Monday, April 21, 2014

More on Gluttons and Good Eaters

It will be easier if you read the post on Suryanarayana / Suri before coming here.  If not, please do, even after reading this.  [Click here].  I have linked him and the other eater in this post. 
Gluttons always draw attention wherever they are, even in comic books.  Gluttons need not be obese, some quote says.  Our famous character Jughead [Archie Comics] fits that bill.  I wondered how such a skinny fellow could devour so much!  There are people in real too.

And there is another, Dagwood Bumstead, in 'Blondie' which is part of the comic set in our newspaper.  He is shown as a person with extreme fondness for food!  It did not take much time for me to become a fan of Dag.

A 'gastronomer' is a connoisseur of good food or drink, probably like Bumstead, while Jughead can be seen as a glutton who has the capacity to stomach large volumes of food.  IMOHPO [in my own honest personal opinion] gluttony and gastronomy are rarely found in one individual.  But I am tempted to bracket Bumstead as "gastro-gluttonomer"!

In the Beetle Bailey comic strip [am a fan too], Sarge Snorkel is portrayed as obese.  He is another fine glutton and very fond of large amounts of food. He will eat anything, anytime any amount!!  Just the smell of food will have him rolling!  Click on this sample and read.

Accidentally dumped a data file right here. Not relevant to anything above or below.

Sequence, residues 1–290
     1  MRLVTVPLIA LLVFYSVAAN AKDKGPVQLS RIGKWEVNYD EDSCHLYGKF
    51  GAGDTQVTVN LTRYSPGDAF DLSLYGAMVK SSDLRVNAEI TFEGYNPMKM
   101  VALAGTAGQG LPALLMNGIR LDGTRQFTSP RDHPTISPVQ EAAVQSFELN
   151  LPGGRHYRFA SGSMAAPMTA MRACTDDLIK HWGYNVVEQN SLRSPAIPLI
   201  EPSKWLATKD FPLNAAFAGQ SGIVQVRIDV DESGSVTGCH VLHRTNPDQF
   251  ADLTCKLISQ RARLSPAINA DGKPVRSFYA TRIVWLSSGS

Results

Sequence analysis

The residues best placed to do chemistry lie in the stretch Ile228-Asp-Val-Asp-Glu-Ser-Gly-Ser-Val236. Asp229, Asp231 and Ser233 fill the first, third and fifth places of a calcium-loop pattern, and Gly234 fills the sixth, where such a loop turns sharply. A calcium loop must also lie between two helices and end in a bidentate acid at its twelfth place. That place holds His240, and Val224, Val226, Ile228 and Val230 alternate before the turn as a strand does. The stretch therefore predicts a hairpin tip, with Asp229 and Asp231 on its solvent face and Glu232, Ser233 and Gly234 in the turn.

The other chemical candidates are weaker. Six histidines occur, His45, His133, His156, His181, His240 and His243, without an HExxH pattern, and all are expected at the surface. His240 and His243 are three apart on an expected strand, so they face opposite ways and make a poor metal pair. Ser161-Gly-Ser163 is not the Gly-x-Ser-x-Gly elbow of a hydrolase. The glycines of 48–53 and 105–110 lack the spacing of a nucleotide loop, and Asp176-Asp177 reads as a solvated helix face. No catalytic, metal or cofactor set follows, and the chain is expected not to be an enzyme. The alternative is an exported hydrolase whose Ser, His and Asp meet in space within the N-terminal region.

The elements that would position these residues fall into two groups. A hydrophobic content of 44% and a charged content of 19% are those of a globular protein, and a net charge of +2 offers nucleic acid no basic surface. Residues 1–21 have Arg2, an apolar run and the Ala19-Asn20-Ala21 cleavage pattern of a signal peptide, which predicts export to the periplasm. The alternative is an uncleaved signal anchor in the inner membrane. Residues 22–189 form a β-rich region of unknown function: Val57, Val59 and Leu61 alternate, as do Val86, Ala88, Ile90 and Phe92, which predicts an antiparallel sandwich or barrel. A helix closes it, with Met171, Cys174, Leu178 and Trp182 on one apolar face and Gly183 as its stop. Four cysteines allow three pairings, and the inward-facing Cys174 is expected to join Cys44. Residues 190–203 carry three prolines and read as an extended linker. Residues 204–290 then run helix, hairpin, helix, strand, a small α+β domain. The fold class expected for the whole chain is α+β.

I grew up wondering from my elders' descriptions how Bakasura [a great devourer of food] ate food in large volumes in the 1957 mythological movie Maya Bazar [made both in Kannada and Telugu].  There were plenty of fine photography tricks in many scenes esp. in the song sequence 'Vivaaha Bhojanavidu....'.  See the following video widget.  It was screened again after many years, in 1989 at Prabhudeva Theatre and I grabbed that opportunity.

Sir George Bernard Shaw quoted in Man and Superman: "There is no love sincerer than love of food."
"Those who know the nuances of eating food will not have diseases", so goes a saying.  In Kannada it is "ಊಟ ಬಲ್ಲವನಿಗೆ ರೋಗವಿಲ್ಲ"

So much for the sundries.  

Now let me introduce our other fine eater, B.S.Seetharama Rao, also from that same timeline of the 70s.  He is also no more and lived past 85.
[I wanted to include all these in one post but the one on Suri ran long.  So I decided to split.]